Those sanctions currently include arms embargoes and travel bans.
Brown said he would snub a planned summit between EU and African leaders in Lisbon in December if Mugabe was invited, accusing him of "abusing his own people."
Brown wrote in Thursday's edition of the Independent newspaper that Mugabe's presence risked "diverting attention from the important issues that need to be resolved. In those circumstances, my attendance would not be appropriate".
Unemployment in Zimbabwe is running at 80 percent and inflation is around 6,600 per cent as the country's agrarian economy collapses.
Critics blame the crisis on Mugabe's policy of seizing white-owned farms for redistribution to landless blacks while the government blames international sanctions.
Crops are failing, a price freeze has cleared supermarket shelves of most staple foods and starvation is rife.
The Portuguese foreign minister, Luis Amado, said he would rather see Brown than Mugabe at the summit but the British prime minister's diplomatic offensive has been met with some resistance from Mugabe’s fellow African leaders.
Levy Mwanawasa, Zambia's president and head of a 14-nation southern African group seeking to end Zimbabwe's political and economic crisis, said he would boycott the summit if Mugabe was not invited and said other African leaders could do so too.
"I will not go to Portugal if Mugabe is not allowed. I don't know how many of us [African leaders] will be prepared to go to Portugal without Mugabe," he said.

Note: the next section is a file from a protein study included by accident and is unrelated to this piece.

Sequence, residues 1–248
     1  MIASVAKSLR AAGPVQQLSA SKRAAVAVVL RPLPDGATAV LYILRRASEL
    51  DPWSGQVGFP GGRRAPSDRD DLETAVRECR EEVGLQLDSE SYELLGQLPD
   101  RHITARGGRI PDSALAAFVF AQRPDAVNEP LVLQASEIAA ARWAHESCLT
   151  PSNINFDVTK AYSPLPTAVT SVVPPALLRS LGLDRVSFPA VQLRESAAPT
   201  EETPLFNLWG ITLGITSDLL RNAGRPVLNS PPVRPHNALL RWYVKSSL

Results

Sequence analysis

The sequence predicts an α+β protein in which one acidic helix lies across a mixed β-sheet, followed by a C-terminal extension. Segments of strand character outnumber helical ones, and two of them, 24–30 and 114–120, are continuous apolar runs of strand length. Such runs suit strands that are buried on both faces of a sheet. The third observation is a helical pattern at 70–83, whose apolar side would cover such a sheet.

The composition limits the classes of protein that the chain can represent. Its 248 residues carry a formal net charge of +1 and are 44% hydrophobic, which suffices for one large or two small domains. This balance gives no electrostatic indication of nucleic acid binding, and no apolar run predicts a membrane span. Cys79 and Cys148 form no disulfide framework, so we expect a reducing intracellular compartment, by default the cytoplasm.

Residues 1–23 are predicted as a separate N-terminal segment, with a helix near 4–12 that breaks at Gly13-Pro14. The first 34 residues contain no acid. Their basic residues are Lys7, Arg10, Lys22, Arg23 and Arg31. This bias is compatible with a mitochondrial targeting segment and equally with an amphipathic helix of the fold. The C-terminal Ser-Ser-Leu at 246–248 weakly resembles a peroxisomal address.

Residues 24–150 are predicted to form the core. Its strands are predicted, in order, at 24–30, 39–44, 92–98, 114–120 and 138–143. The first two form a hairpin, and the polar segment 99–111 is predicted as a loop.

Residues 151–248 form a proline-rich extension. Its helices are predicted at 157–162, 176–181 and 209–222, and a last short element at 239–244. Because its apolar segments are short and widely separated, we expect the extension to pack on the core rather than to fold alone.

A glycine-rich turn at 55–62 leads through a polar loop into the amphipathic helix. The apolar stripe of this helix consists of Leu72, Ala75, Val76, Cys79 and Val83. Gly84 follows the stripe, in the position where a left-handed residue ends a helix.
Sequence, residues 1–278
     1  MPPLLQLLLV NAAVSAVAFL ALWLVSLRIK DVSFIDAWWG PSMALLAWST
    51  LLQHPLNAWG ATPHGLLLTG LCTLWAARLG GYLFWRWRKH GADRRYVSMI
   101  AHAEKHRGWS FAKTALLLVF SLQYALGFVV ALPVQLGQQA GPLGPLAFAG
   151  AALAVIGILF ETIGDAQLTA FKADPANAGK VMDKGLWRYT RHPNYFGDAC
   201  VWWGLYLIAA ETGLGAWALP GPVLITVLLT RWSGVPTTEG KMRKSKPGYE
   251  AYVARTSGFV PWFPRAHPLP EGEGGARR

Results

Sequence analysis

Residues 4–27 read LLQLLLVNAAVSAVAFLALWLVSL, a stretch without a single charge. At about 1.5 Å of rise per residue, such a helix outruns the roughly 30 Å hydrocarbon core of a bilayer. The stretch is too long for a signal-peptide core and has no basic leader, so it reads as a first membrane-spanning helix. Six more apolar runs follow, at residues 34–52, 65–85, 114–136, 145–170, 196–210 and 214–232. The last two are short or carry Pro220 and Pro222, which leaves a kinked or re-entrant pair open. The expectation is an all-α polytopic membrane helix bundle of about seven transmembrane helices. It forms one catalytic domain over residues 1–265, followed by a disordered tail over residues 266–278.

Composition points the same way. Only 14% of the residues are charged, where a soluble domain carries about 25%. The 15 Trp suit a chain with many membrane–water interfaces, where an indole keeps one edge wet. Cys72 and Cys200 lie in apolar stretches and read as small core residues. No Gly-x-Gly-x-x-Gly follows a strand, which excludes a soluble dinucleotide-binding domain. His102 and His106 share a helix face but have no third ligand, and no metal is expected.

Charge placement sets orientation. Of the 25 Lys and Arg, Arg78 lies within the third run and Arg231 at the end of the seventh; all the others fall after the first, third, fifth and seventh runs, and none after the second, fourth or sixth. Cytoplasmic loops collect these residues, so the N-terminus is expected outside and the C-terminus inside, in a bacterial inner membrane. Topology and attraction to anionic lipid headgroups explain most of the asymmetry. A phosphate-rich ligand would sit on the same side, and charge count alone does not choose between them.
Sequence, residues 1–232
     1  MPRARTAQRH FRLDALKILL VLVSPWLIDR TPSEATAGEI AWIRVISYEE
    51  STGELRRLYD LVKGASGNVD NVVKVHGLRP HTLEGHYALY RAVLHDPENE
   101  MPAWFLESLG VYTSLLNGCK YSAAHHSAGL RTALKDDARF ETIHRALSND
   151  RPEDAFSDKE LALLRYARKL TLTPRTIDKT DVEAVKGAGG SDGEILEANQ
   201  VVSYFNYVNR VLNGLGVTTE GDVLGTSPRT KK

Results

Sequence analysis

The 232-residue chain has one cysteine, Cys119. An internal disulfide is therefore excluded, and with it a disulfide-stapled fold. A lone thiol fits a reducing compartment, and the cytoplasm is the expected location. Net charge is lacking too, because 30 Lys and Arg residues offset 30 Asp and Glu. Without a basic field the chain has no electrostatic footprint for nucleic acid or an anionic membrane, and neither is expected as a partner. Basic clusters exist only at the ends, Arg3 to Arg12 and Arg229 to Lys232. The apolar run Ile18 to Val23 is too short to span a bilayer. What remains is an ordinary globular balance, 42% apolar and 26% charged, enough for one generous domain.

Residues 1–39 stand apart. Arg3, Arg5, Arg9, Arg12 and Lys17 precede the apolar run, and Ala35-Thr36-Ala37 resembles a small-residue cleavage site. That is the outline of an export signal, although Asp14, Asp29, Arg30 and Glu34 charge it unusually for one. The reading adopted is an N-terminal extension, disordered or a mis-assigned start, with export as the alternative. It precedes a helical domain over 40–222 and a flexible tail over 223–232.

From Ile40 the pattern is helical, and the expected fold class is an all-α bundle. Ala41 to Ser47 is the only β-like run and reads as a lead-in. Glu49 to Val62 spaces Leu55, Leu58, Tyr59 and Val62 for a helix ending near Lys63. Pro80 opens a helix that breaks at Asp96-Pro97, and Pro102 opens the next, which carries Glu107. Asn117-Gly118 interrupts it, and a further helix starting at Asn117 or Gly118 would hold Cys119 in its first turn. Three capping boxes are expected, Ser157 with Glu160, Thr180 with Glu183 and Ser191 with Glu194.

A Portuguese source close to the EU presidency, which the country currently holds, said Europe's ties with Africa "cannot remain hostage" to the Zimbabwe issue and could well go ahead without Brown.
|Many blame Mugabe for the severe |
economic crisis in Zimbabwe [AFP]
Portugal is keen to forge deeper ties between Eruopean and African leaders.
"It will be very hard not to invite Mugabe. Some African leaders in the African Union might not be willing to come if he is not invited," the source said.
The summit would be the first between the EU and Africa in seven years.
Plans for a new set of talks have stumbled in the past because ex-colonial power Britain and several other EU states refused to invite Mugabe, prompting the Africans to stay away.
'Succession' bill approved
Meanwhile in Zimbabwe on Thursday, the country’s parliament voted to adopt an amended bill that could effectively let Mugabe decide on his successor as president.
All 111 lawmakers present at Thursday's sitting, including those from the two factions of the Movement for Democratic Change [MDC], voted in favour of the bill to amend the constitution, Kumbirai Kangai, the deputy speaker of parliament, said in parliament.
The compromise between the ruling Zanu-PF and the MDC allows parliament to elect a new president if the incumbent does not serve a full term.
Nelson Chamisa, a spokesman for the MDC faction led by Morgan Tsvangirai, said on Tuesday the decision not to launch a token fight against the amendment was taken as a gesture of goodwill.
Patrick Chinamasa, the justice minister, said the compromise stemmed from ongoing talks between Zanu-PF and the MDC.
Thabo Mbeki, South Africa's president, has been mediating the talks which were called for by the Southern African Development Community after violent crackdowns on the opposition in March.